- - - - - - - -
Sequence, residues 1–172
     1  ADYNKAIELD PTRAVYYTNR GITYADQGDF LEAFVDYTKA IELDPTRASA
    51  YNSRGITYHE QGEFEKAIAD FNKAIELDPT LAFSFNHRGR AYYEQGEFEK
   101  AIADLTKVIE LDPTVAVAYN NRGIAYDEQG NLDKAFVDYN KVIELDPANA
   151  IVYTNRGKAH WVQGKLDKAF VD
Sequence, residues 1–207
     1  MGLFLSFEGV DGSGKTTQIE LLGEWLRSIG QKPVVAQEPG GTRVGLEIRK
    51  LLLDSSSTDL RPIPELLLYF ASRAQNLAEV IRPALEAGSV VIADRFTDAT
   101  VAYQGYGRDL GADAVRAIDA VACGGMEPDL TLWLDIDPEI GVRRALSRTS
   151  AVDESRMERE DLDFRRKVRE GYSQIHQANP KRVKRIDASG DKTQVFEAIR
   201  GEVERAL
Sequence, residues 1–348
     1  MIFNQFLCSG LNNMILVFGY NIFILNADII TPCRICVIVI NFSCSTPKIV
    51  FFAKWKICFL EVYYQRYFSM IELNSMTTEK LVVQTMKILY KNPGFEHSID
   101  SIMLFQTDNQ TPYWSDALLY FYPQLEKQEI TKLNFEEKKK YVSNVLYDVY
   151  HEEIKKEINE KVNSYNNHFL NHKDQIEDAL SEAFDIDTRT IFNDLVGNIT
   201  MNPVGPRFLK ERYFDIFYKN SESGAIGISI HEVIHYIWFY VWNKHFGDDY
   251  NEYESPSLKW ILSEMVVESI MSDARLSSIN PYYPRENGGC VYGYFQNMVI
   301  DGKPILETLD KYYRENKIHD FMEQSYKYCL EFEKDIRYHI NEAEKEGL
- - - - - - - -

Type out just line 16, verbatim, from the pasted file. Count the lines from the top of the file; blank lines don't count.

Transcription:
   151  HEEIKKEINE KVNSYNNHFL NHKDQIEDAL SEAFDIDTRT IFNDLVGNIT